(American, b. 1945) uses portraiture to capture the lifestyles and family dynamics of those around her. Born and raised in New York, NY, Barney’s photographic career began in the 1970’s. She studied at the Sun Valley Center for Arts and Humanities in Ketchum, ID, from 1976 to 1979. Barney’s large-scale color photographs are reminiscent of classical portraiture, but they depict the confines and lifestyles of modernity, most often of the artist’s affluent friends and family. Though Barney frequently plays the role of passive observer, the majority of her works are studied and well-orchestrated scenes, the figures and settings carefully arranged to portray the image she desires. The differences between her directorial approaches can be seen when comparing Marina’s Room
(1987) with Marina and Peter
(1997); while the father and daughter pair are unaware of the photographer’s presence in the first photo, the later composition depicts the duo full frontal and fully engaged with the lens.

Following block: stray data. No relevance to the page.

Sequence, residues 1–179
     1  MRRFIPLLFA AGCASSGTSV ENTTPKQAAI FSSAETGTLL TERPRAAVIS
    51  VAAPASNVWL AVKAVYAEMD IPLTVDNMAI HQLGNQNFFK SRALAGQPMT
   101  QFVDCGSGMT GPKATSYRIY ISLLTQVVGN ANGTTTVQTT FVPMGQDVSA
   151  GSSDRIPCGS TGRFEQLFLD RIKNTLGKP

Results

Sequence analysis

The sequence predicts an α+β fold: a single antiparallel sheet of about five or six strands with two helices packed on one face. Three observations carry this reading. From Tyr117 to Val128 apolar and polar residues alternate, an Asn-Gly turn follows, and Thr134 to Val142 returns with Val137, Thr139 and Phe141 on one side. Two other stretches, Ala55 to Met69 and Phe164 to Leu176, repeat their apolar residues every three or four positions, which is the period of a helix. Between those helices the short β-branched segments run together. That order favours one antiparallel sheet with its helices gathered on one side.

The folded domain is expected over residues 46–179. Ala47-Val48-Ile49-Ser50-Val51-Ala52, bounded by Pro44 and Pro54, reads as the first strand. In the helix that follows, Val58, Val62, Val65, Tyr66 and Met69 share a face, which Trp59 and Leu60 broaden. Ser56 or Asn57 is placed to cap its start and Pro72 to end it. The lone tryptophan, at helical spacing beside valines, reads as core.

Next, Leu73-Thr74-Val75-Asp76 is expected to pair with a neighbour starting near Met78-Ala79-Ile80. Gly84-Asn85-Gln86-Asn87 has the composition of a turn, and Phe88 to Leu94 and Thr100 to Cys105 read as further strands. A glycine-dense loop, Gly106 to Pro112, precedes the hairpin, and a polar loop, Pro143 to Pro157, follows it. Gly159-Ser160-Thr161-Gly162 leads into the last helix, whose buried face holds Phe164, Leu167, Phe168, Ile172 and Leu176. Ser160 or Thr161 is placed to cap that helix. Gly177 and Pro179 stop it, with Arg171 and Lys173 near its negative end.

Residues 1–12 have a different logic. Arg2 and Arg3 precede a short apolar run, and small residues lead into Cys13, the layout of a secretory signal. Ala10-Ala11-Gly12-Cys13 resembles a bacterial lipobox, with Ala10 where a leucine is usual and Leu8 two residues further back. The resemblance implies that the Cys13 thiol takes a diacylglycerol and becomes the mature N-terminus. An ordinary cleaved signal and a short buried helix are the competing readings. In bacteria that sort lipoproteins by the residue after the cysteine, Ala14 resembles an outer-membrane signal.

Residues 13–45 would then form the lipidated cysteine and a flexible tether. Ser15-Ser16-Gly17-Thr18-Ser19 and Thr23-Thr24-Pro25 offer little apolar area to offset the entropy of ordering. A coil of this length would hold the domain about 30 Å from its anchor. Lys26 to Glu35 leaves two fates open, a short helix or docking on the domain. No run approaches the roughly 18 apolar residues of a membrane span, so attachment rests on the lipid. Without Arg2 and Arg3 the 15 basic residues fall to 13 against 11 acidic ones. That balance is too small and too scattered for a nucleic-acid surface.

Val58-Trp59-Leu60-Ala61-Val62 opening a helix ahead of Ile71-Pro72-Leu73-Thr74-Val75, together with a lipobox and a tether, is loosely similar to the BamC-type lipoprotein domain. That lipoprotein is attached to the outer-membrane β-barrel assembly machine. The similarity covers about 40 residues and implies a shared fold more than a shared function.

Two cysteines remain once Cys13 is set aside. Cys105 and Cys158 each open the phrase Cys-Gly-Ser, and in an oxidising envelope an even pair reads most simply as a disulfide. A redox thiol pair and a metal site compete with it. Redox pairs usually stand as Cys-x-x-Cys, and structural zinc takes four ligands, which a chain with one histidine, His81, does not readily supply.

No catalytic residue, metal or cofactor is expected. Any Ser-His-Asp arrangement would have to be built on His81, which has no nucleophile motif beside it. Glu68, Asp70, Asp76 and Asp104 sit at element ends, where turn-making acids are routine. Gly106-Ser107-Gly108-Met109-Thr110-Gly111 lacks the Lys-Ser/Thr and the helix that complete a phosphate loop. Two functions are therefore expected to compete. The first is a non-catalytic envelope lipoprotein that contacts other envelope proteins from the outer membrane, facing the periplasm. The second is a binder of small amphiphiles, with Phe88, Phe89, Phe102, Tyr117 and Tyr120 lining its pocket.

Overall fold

Barney has completed workshops with Frederick Sommer
, Roger Mertin
, Joyce Niemanas, Duane Michals
, Nathan Lyons
, John Pfahl
, and Robert Cumming
. She was the recipient of the 1991 John Simon Guggenheim Memorial Fellowship and the 2010 Lucie Award for Achievement in Portraiture. Barney’s published works include Players
(2010), The Europeans
(2005), Theater of Manners: Tina Barney
(1997), and Friends and Relations
(1992). The artist’s works have appeared in numerous publications, editorial work, group shows, and solo shows; in addition, her pieces have appeared in public institutions throughout the U.S. including the Museum of Modern Art, New York, NY, and the Smithsonian Institution, Washington, D.C. Barney currently lives and works in New York City and Rhode Island.